The overall rate of complications of digestive endoscopy is low (0.02 % – 0.54 %), with mortality at 0.0014 %. Of these, 0.27% are cardiopulmonary, sedation-related complications. These are most common in patients with associated diseases and develop equally in procedures surveilled by both anesthetists and non-anesthetist clinicians. Most common complications include hypoxemia, hypotension, arrhythmia, vasovagal events, and bronchopulmonary aspiration [26] [34]

Cardio-respiratory complications: The most common and serious of all complications, their rate was 0.9 % in a retrospective nation-wide study of over 300 000 procedures carried out in the USA [35].

Hypoxemia: Oxygen desaturation defined by satO2 < 90 % is the most common complicatione, possibly more common than usually thought as it is not recorded on many occasions. Incidence is highly variable (4 – 50 %). The risk is greater during oral endoscopy since a deeper level of sedation is needed, the airway is compressed, and laryngospasm occasionally develops. The combined administration of benzodiazepines and opiates increases the risk for respiratory depression [36]. In recent studies with oxygenated, monitored patients the incidence of desaturation events during endoscopies performed under propofol was lower than 10 % [37], and the need for endotracheal intubation remained marginal.

Does oxygen administration prevent hypoxemia? All guidelines issued by national scientific societies advise that supplementary oxygen be used during endoscopic procedures. However, oxygen administration may delay apnea recognition and increase hypercapnia, hence a pulse oximeter is also recommended to provide visual monitoring for breathing movements, as well as capnography when feasible [35].

If desaturation develops sedatives must be discontinued and the patient must be stimulated using increased oxygen flow, jaw thrust to secure the airway, secretion aspirations, and a Guedel tube when required. If benzodiazepines and/or opiates were used their action may be reverted with flumazenil and/or naloxone. When desaturation is severe and persistent, ventilation should be provided using an oxygen mask (Ambu), but this is only necessary in 0.1 % of cases. Should these measures fail, respiratory resuscitation maneuvers must be initiated using a laryngeal mask or orotracheal intubation; need for the latter is exceptional [38].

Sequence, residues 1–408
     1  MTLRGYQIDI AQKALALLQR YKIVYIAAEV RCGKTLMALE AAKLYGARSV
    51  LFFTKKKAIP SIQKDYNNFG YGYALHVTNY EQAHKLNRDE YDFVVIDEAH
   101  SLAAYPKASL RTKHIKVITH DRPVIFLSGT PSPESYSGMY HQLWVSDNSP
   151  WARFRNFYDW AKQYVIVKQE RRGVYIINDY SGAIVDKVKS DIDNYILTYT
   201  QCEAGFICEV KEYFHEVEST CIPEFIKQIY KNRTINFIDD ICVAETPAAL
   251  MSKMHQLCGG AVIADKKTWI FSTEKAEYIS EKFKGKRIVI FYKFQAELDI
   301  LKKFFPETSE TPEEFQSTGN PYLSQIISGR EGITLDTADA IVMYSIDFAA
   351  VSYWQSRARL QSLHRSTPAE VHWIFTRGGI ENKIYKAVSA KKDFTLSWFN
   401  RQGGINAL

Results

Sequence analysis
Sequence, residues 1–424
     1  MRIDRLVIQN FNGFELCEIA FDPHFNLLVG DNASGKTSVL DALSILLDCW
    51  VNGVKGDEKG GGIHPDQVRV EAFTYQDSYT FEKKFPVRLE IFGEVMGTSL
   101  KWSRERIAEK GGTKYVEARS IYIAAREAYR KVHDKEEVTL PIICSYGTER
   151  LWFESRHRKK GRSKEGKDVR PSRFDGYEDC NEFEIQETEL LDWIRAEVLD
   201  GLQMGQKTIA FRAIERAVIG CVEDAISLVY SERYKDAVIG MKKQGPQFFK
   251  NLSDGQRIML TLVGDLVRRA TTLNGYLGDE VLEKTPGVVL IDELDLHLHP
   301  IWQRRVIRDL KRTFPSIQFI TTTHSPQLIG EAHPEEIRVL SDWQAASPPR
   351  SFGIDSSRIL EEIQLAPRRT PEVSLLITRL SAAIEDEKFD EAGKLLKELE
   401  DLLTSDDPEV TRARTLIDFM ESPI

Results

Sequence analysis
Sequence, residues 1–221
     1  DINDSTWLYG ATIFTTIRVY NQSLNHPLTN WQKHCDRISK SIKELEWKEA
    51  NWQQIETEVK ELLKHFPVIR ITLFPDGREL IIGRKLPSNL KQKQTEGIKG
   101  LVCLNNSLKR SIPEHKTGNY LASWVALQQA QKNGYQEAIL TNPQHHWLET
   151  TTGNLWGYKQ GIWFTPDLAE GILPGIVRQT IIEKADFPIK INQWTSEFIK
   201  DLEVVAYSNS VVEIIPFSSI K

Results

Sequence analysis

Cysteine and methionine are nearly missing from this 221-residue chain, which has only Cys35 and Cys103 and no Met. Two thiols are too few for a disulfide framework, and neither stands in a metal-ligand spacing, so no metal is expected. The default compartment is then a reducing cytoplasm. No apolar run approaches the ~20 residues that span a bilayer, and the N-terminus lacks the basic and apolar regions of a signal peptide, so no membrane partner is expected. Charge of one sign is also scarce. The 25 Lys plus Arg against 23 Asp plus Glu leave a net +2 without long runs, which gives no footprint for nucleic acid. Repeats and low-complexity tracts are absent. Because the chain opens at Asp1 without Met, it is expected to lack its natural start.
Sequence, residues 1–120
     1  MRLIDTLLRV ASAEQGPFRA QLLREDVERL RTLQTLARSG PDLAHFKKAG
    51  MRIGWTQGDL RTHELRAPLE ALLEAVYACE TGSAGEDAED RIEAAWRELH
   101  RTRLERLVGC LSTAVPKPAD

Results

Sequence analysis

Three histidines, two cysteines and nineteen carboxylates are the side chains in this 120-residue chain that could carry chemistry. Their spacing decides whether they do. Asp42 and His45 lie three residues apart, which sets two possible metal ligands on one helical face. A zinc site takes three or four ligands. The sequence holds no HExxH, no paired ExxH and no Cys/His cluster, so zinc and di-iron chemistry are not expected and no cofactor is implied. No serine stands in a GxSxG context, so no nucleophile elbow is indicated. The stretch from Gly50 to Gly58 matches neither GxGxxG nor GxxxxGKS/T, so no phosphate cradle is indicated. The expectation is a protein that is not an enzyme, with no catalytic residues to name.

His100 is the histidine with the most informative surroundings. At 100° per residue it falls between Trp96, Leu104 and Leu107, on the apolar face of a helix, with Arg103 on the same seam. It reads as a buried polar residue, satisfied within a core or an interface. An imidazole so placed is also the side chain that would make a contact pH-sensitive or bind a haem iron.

Hypotension: Defined by a maximal blood pressure < 90 mmHg, it develops more commonly in cases where sedatives and pain killers are associated or when propofol is used; it usually has no clinical implications. Management usually includes electrolyte IV infusion.

Arrhythmia: Arrhythmia develops in 4 – 72 % of sedations; most are sinus tachycardia events possibly related to procedure-associated stimuli, but other clinically relevant arrhythmias may occur (extrasystoles, bradycardia, ectopic rhythms, etc.). Their development depends on patient age, presence of concurrent, particularly heart diseases, endoscopy type, and anxiety. Electrocardiographic changes appear in 4 – 42 % of cases, most commonly ST segment alterations that remain unchanged by oxygen administration and are believed to be unrelated to ischemia. Should bradycardia occur (< 50 bpm) atropine must be provided (0.5 mg IV, to a maximum of 2 – 3 mg)

Aspiration: This occurs in few cases (0.10 %) and usually defies recognition. However, the risk for bronchopulmonary aspiration is much higher in patients with active upper gastrointestinal bleeding or gastric retention; in such cases orotracheal intubation is recommended before the endoscopic procedure.

Phlebitis: The frequency of phlebitis is low but higher when diazepam is used in small-caliber veins. Some propofol preparations irritate venous walls, and extravasation results in pain and swelling; lidocaine may be added to the infusion to prevent this; cold application is advisable should extravasation develop.

A marginal yet possible, potentially severe complication is the transmission of bacterial, fungal or viral infections (including hepatitis C virus) because of multidose containers and propofol contamination.